I want to be Beyoncé, but I’m not

In the 1970s conservative Malawian president Dr. Hastings Banda imposed a strict dress code on his country, prohibiting women from wearing short skirts and trousers. A decade later, then Minister for Community Development and Women’s Affairs, Joyce Mujuru, banned beauty contests in Zimbabwe. In 2001, two hundred people were killed in northern Nigeria after an article on the Miss World pageant being held in the country sparked religious riots.

Each case is an example of an attempt to defend the African female identity from being exploited by Western conceptions of beauty. It is a debate that has been discussed since the advent of colonialism and the introduction of an opposing set of ideals. And as our own society becomes more influenced by the outside world through the effects of globalisation and mass media, it is something that Zimbabwean women consider on a daily basis – negotiating our identities through the beauty choices we make.

This short photo essay examines the thoughts and experiences of women in Harare as they attempt to define identity through beauty. A selection of these images were photographed for the Open Society Initiative in Southern Africa’s (OSISA) annual journal BUWA under the title ‘The Beautyful Ones Are Not Yet Born’.

All images © Davina Jogi

Priscilla Chigariro, founder of Zimbabwe Fashion Week, prepares for the opening of her 2011 show at Joina City in Harare. The ex-model founded the event in 2009 as a platform for Zimbabwean designers and models to gain recognition and opportunities.
"Nobody picked me," says model Tsitsi Chiyangwa, speaking of the designers at Zimbabwe Fashion Week. She did model and the audience burst into applause as soon as she appeared on the catwalk. Southern Africa has a high rate of albinism, with around 1 in 4500 black Africans being affected by it. Although education is changing things, albinos like Tsitsi continue to suffer from discrimination because of their unnaturally light skin tone which was traditionally seen as a bad omen.
Tatenda Zattah applies makeup at home in Dzivaresekwa, Harare. The young teen enjoys doing makeup and nails for her friends and family. Young girls like Tatenda growing up in urbanised Harare perform a delicate balancing act, adopting some western influences while adhering to their parents more traditional views on how girls, in particular, should look and behave.
At a beauty shop, Eastgate Mall, Harare.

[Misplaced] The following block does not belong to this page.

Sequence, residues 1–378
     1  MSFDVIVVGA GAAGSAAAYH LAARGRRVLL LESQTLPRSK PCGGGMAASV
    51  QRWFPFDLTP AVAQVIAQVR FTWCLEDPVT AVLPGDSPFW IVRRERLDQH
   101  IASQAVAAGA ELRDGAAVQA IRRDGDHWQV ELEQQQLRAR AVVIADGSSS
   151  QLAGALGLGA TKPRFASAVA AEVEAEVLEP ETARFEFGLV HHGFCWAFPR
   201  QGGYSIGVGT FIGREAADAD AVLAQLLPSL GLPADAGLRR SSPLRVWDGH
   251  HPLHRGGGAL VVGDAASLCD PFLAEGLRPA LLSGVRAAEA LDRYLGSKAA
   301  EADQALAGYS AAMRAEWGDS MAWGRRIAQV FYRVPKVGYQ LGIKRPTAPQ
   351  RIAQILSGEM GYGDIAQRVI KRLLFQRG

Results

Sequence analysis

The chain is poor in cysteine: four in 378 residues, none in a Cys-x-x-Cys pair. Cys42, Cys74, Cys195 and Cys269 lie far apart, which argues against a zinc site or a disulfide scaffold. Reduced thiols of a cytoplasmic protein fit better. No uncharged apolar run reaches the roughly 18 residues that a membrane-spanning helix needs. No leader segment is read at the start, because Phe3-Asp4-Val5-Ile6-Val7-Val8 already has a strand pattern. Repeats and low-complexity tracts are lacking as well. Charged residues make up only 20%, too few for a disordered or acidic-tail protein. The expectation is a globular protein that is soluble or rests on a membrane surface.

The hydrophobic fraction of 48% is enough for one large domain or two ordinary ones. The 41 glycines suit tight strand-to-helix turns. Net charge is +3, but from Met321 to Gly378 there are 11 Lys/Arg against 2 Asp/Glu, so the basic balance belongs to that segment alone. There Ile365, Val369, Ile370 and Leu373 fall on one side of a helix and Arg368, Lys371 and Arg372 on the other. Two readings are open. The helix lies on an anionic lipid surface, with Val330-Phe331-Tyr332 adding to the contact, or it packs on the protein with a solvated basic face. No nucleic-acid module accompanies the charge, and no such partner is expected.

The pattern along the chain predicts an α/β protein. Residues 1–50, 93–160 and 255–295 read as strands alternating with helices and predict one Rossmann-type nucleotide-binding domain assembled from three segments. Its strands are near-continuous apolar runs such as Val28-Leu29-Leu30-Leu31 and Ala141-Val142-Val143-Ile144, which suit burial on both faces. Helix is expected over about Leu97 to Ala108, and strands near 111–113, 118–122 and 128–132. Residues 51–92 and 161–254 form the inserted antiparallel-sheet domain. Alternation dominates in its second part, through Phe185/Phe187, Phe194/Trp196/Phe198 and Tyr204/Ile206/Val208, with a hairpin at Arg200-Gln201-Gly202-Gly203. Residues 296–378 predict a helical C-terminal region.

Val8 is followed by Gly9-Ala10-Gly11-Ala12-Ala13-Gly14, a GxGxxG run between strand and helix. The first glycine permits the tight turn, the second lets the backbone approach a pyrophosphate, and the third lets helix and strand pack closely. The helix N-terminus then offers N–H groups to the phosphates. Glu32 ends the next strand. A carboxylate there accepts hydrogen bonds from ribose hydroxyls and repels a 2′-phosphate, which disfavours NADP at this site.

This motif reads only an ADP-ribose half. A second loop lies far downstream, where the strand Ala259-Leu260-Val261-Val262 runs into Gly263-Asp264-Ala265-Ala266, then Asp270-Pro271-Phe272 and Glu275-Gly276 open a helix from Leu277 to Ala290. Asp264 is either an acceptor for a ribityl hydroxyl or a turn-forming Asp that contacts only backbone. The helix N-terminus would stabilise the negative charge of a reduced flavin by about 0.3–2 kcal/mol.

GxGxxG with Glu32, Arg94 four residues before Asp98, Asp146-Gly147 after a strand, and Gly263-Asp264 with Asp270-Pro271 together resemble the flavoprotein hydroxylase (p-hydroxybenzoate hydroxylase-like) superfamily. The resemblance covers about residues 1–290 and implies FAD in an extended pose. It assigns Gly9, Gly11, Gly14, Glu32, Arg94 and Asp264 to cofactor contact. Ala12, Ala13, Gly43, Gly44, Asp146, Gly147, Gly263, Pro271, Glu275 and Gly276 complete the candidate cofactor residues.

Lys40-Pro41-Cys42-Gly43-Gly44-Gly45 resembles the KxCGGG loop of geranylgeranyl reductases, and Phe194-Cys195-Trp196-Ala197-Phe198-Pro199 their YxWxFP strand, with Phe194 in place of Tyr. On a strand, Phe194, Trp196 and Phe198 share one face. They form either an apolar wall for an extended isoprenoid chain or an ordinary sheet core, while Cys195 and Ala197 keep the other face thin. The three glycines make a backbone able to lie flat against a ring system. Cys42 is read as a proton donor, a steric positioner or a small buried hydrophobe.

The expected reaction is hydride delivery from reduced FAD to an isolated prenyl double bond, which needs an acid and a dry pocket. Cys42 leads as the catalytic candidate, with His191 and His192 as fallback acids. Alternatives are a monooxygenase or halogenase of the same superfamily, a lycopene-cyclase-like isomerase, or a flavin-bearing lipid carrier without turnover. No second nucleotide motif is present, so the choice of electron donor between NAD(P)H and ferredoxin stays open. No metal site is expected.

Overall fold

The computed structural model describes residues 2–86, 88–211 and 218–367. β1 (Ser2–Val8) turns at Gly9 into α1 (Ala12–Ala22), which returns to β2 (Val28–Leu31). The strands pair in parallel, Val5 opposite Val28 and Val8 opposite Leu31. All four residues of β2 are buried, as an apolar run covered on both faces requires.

White lace is caught in the light as the bridal party prepares for a wedding in Harare's southern suburbs. Nowhere is the influence of western beauty trends more obvious than in Zimbabwe's rapidly growing bridal industry. This is partly due to young women returning from overseas to get married at home and bringing trends with them, but has also been attributed to conservative churches pushing couples into white weddings as a 'biblical' necessity.
"These facebooks are contribuing [to Western ideals of beauty]...A beautiful African woman must have a natural skin, she doesn't put on something to be fancy fancy." Judith Nzirawa, seamstress
A model at Zimbabwe Fashion Week showcases the designs of Black Trash Clothing. The Botswanan brand describes itself as "represent[ing] a new generation of African designer explorers seeking to define an African Aesthetic not by what collectively is interpreted as ‘African’ but, by individual interpretation, an innovative expression of its journey as an African brand existing in a global village."
African women are beginning to spend money on gyms and fitness programmes, which were previously considered a very Western pursuit. Miriam Kabongo, 22, a gym instructor at a wealthy Harare gym explained that despite misgivings about exercise attire, a significant number of middle-aged African women were now making use of gyms, “Most African women don’t come to the gym because they don’t want to wear tight gym clothes, they are afraid of the white women in their tiny shorts...we were raised to cover, cover, cover. Miriam laughed as she explained how many women come in with false expectations of what is achievable, and she has to gently let them down with, “I want to be Beyonce, but I’m not sweetie.”
A contestant in Miss Universities Zimbabwe pageant in Harare shows off her evening wear. Beauty pageants and fashion shows, more than anything else in the industry, seem to cause controversy across Africa as whole. Opinion is heavily divided as to whether adopting very Western-styled pageants are a negative or positive development for African women. Regardless of the debate, pageantry is booming in Zimbabwe.
Biblical and traditional morality and attractiveness go hand-in-hand across Africa. Virginity soaps for sale in downtown Harare illustrate how women are caught between Western lifestyles and African expectations when it comes to their sexual attractiveness. The male shopkeeper was impressed by how well the products sold, “You wouldn’t believe it, it just shows how sick women really are!”
Pearl Thompson, 33, an amateur bodybuilder, shows off her competition photos from Miss ProFitness 2011, "I couldn't wait to be on stage to show off my body, I love the reactions....This Zambian woman who watched the competition kept saying, 'No, that's pornography!' But she realized she was the only one reacting in a negative way." Pearl's opinion is that African women should be able to do what they like as long as they are happy and feel confident.